Shareholders of Australia-based upstream company Woodside Petroleum voted Thursday to block a 78.3 million share buyback from Shell Energy Holdings Australia worth US$2.68 billion.
The resolution needed a 75 percent majority to pass.
Only about 70 percent of eligible proxy and direct votes were cast in favor of the buyback and 28.7 percent against.
Shell was looking to sell down its stake from 23.1 percent to 4.5 percent as part of a larger global assets sale, Reuters said.
Shell had already sold 9.5 percent of its Woodside stake to institutions for US$3.1 billion (A$3.24 billion).
The failed buyback would have brought the total proceeds to Shell to US$ 5.29 (A$5.7 billion).
Woodside planned to buy back and cancel half of the share parcel as way to smooth the impact of Shell’s sell-down on other Woodside shareholders, Reuters said.
Shell is reviewing options for dealing with its remaining 13.6 percent holding in Woodside.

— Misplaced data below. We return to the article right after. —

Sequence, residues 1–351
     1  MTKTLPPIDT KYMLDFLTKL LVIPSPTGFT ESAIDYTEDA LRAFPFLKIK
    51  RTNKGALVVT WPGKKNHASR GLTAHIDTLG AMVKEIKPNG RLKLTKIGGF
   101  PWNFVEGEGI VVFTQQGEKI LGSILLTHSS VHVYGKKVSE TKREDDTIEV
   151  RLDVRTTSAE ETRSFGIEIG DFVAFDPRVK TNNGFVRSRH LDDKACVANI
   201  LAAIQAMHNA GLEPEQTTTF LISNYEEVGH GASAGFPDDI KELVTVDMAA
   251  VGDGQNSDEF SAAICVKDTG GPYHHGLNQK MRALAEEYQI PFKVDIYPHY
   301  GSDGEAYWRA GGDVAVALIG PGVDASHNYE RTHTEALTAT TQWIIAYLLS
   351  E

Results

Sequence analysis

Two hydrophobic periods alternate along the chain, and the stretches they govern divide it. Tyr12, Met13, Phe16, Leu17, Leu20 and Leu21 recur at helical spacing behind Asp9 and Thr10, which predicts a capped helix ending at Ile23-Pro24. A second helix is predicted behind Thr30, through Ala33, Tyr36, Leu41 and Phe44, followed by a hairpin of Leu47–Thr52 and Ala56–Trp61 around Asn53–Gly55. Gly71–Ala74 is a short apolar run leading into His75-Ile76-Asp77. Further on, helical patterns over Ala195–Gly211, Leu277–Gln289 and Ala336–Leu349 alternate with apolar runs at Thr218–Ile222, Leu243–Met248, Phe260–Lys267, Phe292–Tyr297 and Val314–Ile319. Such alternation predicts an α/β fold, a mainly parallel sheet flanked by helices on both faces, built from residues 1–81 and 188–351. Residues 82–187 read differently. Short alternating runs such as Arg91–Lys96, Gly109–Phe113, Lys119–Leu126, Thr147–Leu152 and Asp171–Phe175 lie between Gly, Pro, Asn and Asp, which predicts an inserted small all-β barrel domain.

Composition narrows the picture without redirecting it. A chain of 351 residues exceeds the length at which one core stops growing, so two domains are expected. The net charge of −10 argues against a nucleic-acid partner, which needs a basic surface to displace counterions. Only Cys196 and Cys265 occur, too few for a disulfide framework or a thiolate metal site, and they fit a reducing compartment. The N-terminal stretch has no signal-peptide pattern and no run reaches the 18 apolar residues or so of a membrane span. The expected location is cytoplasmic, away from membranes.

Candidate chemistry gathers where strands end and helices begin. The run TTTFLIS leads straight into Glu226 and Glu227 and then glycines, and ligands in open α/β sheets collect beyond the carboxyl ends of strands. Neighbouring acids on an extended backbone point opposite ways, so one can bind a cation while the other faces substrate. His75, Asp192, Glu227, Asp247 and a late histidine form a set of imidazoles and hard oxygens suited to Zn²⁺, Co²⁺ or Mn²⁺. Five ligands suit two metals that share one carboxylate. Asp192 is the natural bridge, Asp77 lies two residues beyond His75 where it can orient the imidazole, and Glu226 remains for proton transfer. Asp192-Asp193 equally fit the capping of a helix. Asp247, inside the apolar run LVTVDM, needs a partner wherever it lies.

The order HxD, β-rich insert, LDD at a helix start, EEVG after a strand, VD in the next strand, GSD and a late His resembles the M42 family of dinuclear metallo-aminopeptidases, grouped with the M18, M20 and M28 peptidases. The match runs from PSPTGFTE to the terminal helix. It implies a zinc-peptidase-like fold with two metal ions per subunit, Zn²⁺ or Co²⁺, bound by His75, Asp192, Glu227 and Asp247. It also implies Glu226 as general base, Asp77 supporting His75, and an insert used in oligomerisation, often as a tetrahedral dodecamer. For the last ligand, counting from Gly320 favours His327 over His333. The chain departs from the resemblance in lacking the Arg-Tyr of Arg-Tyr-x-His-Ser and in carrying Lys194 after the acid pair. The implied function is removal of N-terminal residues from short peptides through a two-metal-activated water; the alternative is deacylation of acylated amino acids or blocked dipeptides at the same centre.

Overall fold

Shell’s Chief Financial Officer Simon Henry said Thursday that the failed buyback would not stop the company from reaching its target of selling US$15 billion in assets.
Shell tried to take over Woodside, Australia’s largest independent oil and gas company, in 2001 but its bid failed when Australia’s then Treasurer Peter Costello blocked the deal.
The buyback was opposed by some investors because they said it didn’t treat all shareholders equally and would have given Shell access to US$929 million (A$1 billion) in tax credits.
“The buyback was merely an efficient mechanism to assist with the exit of Shell from the register and the only option available to achieve our aim,” Woodside Chairman Michael Chaney said.